What you must do, starting now, is to begin establishing boundaries. Start by deciding that you are not going to allow yourself to be a victim of her intimidating behaviour.
Don’t bully back by being angry, sarcastic or threatening. You will accomplish nothing. You’ll just be joining Camille at her level and she’ll likely out-bully you. Rather, you can learn to view her with pity, instead of anger. This is not to excuse the behaviour but it does reduce the power the bully is attempting to exert.
Assertively let Camille know that when she engages in a hurtful comment or behaviour towards you that it is not acceptable, you will point it out to her, and that you expect her to not repeat it again. Bullies will typically respond well when they learn that they will suffer consequences if their behaviour continues. In Camille’s case, the consequence will involve you exiting the relationship.
By remaining cool, you’ll be better able to respond to her bullying behaviour. If you should start to feel yourself becoming angry, remember that bullies feel more powerful when they sense the other person’s self-control is compromised.
Bullies want the other person to be reactive. And besides, I really don’t think you want to compromise your own integrity and become someone like Camille, who verbally inflicts hurt on others.
I hope for both of your sakes that Camille changes her behaviour towards you. But if, despite your efforts to set limits, Camilla’s abuse doesn’t stop, walk away. This is an unhealthy relationship. To stay is to enable her. She may stop bullying when she sees that she is unsuccessful at controlling you and reducing your sense of self-worth. But remember that bullying is Camille’s coping strategy of feeling good about herself. So you will have to keep a constant vigil on boundary setting otherwise she will likely resume her domineering and aggressive behaviour towards you. I can imagine how conflicted you must feel, being encouraged to potentially pull away from your lifelong friend. But removing yourself from an unhealthy relationship is an act of self-kindness as bullying can, in time, negatively impact on your physical and mental health. Like the water torture technique used centuries ago; continued bullying comes drip by drip by drip, slowly wearing us down. By being the recipient of constant bullying, you may find yourself suffering over time from a loss of confidence and sleep, high blood pressure, headaches and stomach aches.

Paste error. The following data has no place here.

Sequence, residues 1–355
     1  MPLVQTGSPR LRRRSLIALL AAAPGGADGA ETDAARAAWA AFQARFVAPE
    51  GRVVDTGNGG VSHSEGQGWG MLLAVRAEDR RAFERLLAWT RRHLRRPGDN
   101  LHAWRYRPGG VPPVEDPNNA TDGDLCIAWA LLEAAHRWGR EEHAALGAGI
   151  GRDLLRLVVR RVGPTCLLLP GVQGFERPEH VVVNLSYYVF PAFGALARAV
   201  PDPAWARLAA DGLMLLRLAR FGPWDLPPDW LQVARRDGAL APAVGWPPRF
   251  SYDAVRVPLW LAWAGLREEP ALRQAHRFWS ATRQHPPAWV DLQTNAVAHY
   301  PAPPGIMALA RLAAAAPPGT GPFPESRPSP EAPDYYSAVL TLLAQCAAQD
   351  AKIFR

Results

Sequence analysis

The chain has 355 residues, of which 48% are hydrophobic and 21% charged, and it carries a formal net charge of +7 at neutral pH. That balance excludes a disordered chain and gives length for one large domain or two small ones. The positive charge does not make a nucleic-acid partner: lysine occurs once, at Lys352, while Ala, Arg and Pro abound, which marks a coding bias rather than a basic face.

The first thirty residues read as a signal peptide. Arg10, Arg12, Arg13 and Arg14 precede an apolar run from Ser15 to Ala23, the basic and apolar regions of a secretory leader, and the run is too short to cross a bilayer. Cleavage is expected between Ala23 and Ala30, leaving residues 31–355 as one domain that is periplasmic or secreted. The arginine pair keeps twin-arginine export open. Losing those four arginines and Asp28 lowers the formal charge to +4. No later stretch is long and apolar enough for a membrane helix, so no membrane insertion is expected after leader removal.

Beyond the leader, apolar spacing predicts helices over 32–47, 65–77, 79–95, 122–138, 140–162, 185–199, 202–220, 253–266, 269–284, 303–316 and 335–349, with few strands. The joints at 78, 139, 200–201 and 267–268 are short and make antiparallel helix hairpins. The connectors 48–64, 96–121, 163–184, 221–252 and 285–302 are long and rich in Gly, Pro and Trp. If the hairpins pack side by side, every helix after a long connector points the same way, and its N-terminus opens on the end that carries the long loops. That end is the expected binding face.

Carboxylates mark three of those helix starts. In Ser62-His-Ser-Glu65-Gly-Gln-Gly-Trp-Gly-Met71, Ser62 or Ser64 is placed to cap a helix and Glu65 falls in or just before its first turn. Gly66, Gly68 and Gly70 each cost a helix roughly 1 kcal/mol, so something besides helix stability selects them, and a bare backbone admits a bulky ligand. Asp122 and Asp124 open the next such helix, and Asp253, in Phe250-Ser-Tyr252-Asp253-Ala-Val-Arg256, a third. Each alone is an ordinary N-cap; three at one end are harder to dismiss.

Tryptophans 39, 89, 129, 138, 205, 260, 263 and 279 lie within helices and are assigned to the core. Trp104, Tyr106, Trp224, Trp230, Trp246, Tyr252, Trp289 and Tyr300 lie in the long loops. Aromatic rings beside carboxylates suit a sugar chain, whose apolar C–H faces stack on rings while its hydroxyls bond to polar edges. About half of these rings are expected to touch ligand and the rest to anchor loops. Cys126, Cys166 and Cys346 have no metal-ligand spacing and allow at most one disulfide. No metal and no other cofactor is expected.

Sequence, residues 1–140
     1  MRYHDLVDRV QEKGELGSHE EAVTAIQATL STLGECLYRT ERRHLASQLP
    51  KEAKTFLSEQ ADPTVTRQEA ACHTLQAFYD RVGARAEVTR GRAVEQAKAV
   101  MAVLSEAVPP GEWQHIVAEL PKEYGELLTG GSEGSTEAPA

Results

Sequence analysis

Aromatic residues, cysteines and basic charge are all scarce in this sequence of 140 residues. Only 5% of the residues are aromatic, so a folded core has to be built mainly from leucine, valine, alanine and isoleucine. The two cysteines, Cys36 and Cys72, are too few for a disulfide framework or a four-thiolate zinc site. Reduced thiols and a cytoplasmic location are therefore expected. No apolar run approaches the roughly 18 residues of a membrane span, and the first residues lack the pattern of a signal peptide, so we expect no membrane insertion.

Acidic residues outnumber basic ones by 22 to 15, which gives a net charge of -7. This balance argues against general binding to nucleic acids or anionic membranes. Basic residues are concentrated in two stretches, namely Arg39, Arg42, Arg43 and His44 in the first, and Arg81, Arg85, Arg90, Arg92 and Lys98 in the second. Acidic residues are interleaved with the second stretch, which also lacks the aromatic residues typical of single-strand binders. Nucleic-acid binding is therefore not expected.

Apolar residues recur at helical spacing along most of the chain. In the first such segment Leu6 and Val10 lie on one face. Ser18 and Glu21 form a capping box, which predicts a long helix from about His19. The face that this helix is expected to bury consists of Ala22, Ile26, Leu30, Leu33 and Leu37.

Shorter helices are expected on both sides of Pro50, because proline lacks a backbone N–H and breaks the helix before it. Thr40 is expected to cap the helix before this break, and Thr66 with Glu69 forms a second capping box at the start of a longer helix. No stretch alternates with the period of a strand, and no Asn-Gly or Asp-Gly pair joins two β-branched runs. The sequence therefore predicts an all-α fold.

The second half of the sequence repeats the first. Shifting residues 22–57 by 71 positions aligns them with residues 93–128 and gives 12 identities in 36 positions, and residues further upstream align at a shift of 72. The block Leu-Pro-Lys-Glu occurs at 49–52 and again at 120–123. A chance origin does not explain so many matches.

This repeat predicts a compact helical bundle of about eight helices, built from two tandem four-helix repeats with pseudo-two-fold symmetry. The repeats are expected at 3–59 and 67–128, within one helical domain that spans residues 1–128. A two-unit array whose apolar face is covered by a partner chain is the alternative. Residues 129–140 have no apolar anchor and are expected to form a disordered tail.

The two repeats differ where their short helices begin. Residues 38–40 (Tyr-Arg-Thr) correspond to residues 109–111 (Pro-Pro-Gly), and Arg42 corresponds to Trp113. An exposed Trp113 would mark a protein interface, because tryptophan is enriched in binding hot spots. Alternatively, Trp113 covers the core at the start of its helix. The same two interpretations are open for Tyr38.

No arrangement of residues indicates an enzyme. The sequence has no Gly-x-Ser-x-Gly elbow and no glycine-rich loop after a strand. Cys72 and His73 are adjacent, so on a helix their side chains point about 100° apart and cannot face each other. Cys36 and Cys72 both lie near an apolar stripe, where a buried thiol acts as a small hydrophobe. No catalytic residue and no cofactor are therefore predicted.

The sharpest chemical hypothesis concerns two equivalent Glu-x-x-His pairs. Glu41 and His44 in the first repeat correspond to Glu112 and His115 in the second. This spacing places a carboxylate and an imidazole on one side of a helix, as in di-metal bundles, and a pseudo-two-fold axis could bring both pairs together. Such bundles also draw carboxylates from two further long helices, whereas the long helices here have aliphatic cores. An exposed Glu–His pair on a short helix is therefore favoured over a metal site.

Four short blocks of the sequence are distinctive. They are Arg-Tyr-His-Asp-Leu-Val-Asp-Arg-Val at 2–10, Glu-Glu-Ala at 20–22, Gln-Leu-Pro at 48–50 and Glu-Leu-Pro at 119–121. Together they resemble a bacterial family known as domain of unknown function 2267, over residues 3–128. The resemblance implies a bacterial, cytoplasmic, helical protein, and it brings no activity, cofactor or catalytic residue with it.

I recommend that you not only stop from allowing Camille to make you unhappy, but do everything you can to develop a broad supportive social network for yourself. You can achieve this by engaging in activities and relationships that enhance your self-confidence, self-esteem and overall happiness.
Wishing you well, – Eileen